Disagreements over whether sea level rises would make Venice’s mobile dams unworkable
On 10 December 2012, the Venice branch of conservationist organization Italia Nostra issued a press release arguing that rising sea levels will make Venice’s mobile dams unworkable: Mose_Pirazzoli_comunicato1
This claim was based on statements made by Paolo Antonio Pirazzoli during a conference presentation on 28 September 2012. Pirazzoli suggested that the design of the dams did not take sufficient sea level rises into account, especially the projections by the Intergovernmental Panel on Climate Change (IPCC) of a 50-140 cm rise by 2100. Pirazzoli added that resonance between the dams will mean they will not be able to protect the city. His presentation in English can be viewed at this website by clicking on this link:
Pirazzoli also criticised the dam project for not being reversible, yet finished this presentation by advocating “a permanent water-tight dyke separating the lagoon from the sea.”
The dam project is currently 65% constructed with completion expected in 2016. The New Venice Consortium (CVN) building the dams disputes Pirazzoli’s claims, arguing that the dams will be able to cope with a sea level rise of 60 cms. The CVN’s rebuttal of Pirazzoli and Italia Nostra was reported in this article in the Venetian newspaper Il Gazzettino di Venezia on 11 December 2012:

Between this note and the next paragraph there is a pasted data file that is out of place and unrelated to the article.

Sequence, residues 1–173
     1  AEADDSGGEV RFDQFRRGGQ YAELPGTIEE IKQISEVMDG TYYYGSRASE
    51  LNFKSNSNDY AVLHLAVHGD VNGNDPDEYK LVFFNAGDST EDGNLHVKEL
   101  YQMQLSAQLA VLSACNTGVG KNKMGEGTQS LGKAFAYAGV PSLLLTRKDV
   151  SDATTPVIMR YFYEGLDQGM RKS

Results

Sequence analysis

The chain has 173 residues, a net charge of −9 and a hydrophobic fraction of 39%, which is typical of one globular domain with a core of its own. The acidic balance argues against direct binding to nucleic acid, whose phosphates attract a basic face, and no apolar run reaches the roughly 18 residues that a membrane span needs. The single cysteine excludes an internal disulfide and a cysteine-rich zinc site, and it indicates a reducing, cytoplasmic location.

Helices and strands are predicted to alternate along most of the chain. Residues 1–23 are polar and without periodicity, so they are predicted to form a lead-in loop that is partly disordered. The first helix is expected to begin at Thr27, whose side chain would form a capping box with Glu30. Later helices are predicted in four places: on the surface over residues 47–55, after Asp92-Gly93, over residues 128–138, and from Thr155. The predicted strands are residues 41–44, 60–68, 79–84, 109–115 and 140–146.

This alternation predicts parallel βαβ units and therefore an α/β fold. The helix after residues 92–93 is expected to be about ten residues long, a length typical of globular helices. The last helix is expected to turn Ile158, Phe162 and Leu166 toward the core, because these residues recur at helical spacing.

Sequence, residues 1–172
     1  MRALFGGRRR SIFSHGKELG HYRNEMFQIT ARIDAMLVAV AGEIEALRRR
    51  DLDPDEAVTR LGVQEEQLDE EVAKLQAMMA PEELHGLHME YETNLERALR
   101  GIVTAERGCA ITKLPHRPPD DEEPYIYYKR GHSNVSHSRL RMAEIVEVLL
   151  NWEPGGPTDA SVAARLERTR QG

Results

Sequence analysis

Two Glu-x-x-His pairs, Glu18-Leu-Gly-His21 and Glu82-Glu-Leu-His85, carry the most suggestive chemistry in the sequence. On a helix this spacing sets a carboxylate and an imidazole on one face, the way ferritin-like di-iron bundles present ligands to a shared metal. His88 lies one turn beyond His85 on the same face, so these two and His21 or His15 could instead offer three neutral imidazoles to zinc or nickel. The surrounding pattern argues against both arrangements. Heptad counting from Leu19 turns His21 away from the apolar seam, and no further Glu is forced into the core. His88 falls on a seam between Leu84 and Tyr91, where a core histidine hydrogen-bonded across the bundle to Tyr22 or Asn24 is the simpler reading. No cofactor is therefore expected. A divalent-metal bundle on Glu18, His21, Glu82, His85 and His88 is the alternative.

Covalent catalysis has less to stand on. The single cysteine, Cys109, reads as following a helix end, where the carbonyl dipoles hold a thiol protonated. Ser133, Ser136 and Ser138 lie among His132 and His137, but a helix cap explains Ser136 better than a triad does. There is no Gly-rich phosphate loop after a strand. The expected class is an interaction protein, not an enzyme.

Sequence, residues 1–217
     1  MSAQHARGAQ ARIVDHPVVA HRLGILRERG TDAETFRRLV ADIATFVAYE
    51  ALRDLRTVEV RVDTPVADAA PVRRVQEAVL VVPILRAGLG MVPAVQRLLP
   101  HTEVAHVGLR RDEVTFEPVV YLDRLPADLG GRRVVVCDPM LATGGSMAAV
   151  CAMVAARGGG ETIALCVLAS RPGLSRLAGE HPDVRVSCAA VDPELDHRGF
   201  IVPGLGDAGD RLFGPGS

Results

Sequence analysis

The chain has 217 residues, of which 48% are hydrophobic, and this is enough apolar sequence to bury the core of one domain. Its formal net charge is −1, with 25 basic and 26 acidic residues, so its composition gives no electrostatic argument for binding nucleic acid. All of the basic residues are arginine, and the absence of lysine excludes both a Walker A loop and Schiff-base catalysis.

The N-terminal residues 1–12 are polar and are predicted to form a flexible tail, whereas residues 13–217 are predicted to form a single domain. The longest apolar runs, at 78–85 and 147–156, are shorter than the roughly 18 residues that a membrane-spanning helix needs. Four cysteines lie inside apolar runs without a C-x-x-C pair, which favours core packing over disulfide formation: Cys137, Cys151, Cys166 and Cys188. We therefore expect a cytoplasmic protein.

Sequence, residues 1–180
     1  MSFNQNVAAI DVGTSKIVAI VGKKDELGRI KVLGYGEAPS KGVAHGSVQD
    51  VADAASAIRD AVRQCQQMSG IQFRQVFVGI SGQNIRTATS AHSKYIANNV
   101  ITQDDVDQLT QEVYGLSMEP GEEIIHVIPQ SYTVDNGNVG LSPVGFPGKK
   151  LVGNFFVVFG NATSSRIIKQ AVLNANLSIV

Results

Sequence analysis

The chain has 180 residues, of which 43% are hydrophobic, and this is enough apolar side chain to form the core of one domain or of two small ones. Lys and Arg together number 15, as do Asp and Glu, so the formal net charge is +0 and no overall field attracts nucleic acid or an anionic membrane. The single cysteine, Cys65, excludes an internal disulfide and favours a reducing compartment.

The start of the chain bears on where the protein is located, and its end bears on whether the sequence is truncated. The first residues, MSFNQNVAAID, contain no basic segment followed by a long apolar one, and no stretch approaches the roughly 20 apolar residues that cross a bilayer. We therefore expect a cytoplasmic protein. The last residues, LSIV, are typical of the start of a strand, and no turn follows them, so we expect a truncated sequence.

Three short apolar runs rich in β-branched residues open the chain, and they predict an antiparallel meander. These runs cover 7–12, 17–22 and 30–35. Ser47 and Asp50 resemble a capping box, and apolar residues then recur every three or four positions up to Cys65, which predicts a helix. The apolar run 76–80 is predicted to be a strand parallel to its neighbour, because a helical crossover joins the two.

As described in my book, Venice in Environmental Peril? Myth and Reality (2012), Pirazzoli and the CVN have been making counter-claims about the dams since the early 1980s. As recommended in the book, Pirazzoli’s findings should be examined by the CVN and taken into account, especially the concerns about resonance. However, his assertions that the dams will be redundant due to sea level rises are based on projections for 2100 by the IPCC. We simply do not know what level the seas will be then and IPCC projections have frequently been revised downwards and questioned. It is possible the MOSE dams will not be able to cope with high sea level rises and might experience engineering problems. Yet we cannot reject them on the basis of projections for conditions that might exist in 88 years time. Moreover, the MOSE dams were designed as a temporary response to high tides for 100 years. If they had not been held up by opponents over the last decade, Venetians could already be benefiting from them. A different response to flooding might be necessary in the long-term, but why reject a project before observing its effectiveness on the basis of distant and unreliable projections?